An art work can be nebulous in relation to the politics of its situation. It can indicate a discomfort without actually articulating it and therefore it’s much harder to pin down. It’s much harder to say: ‘This is subversive.’ It’s hard to define what subversive is –– especially in contemporary language and contemporary visual culture. Ai Weiwei, in that sense, is somewhat more articulated towards a series of events — noting down the number of people killed by corruption and maladministration, or collecting and making monuments with marbled doors of all the houses that have been knocked down and land that’s been taken away from the so-called squatters. It’s still nebulous though. If you look at the work it’s just a bunch of marbled doors. It doesn’t obviously say what we infer from it. Though we know what to infer of course.He also is critical of the art world for its lack of unity on human rights issues:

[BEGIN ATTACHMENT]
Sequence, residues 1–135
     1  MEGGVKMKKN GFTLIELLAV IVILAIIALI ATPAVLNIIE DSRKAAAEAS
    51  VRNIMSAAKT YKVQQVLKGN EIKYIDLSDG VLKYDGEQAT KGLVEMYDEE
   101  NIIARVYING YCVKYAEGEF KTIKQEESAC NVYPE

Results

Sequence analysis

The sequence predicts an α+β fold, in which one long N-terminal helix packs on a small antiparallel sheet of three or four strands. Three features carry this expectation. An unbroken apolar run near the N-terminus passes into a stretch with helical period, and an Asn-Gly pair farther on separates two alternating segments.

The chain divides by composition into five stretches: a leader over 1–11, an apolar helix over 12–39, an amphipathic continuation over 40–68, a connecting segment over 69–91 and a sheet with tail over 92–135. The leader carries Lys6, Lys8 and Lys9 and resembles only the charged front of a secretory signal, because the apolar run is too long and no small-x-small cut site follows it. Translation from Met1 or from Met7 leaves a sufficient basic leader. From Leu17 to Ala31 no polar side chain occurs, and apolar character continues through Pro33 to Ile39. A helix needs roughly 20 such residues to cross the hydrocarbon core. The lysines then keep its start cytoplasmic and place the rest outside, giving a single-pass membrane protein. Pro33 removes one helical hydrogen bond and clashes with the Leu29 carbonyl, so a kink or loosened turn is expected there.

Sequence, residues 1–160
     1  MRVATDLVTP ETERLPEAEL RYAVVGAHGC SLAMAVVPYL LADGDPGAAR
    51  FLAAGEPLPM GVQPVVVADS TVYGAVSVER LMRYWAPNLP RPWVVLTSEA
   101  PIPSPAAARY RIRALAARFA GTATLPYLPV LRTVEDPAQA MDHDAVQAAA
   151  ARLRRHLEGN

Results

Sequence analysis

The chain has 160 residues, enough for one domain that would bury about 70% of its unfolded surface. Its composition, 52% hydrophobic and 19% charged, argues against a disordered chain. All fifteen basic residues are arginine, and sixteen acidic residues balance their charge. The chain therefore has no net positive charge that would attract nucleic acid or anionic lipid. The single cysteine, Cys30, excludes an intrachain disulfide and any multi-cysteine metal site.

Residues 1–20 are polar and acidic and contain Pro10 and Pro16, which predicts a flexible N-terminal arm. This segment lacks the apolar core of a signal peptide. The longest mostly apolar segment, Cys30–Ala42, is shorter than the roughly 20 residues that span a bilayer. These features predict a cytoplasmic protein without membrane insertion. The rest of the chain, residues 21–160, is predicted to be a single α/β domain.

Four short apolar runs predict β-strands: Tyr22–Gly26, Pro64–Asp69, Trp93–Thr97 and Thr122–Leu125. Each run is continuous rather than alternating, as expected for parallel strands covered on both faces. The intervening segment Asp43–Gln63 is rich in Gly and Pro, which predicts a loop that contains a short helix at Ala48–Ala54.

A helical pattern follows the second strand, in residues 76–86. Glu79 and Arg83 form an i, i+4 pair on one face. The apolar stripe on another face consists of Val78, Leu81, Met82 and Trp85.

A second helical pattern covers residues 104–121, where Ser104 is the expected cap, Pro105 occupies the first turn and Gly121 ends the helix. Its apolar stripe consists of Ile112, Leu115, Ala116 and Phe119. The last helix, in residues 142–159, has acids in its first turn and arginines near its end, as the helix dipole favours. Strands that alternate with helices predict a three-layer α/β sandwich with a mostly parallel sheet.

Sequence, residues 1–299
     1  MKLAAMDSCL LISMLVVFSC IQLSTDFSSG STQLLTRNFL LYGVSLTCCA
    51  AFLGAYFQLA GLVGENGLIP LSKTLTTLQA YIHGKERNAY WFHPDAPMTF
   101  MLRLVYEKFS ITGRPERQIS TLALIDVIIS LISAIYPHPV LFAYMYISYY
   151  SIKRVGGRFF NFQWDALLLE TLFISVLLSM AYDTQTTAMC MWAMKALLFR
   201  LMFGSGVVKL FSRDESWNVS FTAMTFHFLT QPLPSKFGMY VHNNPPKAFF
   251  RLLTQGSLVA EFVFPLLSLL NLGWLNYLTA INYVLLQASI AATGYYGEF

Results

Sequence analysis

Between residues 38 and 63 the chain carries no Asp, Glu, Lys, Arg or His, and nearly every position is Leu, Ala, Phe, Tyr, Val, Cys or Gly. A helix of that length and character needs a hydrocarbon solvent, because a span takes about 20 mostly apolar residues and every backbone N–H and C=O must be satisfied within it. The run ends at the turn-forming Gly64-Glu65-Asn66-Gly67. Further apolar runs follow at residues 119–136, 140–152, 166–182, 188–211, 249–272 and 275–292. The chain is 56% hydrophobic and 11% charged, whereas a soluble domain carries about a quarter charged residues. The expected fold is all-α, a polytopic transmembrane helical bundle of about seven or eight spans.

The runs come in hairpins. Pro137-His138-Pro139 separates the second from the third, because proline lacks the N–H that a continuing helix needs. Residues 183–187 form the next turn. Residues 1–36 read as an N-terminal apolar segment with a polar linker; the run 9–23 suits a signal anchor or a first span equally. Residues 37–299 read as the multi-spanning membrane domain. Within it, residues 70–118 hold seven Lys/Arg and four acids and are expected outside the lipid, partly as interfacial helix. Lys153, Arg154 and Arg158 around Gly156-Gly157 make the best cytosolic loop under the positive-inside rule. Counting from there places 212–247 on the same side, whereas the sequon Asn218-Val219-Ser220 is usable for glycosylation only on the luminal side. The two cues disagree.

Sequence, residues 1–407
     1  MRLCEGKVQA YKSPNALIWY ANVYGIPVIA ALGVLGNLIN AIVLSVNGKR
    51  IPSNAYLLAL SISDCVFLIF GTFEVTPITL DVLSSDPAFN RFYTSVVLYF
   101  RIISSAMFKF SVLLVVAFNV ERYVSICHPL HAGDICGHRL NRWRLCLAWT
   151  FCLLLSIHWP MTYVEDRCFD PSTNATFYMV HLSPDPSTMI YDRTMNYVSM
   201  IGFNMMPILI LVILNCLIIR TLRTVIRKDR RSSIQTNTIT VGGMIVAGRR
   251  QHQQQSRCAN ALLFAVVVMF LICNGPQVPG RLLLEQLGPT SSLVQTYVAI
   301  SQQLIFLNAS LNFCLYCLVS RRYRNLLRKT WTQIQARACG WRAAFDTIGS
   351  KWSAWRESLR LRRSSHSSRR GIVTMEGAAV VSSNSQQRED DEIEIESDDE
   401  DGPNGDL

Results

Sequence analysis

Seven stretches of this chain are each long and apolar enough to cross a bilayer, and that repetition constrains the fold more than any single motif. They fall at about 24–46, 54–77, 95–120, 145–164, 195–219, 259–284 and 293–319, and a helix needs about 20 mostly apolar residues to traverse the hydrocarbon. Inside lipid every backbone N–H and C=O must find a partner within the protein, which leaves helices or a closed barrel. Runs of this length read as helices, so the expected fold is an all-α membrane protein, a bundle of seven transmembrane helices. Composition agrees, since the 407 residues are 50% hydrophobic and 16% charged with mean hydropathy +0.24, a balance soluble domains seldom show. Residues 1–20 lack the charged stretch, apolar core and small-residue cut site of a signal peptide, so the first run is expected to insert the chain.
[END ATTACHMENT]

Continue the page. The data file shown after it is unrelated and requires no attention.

The art world is extremely fragmented. It is a place that’s also infiltrated by money and other instruments of influence. And it never finds itself in a place where it can shout. I think we need to learn how to do that and find a way to have singular voices. Through the whole period of Soviet repression of artists, which was severe, the art world didn’t say a thing. The avant-garde has held itself away from human rights. It’s been a great struggle for artists of non-European origin. It’s been a great struggle for women artists, quite contrary to the sense that the aesthetic world is an open forum –– it isn’t. It’s extremely doctrinaire and extremely partisan. And I think those battles are still being fought. So it’s not surprising at one level anyway.
I can only explain it by [the fact that] these old instruments of power in the art world are generally male and white, and within a certain aesthetic tradition. All of that has begun to fall apart in the last decade or so. We still haven’t got to the point where, if you like, lone, outsider voices can be properly heard.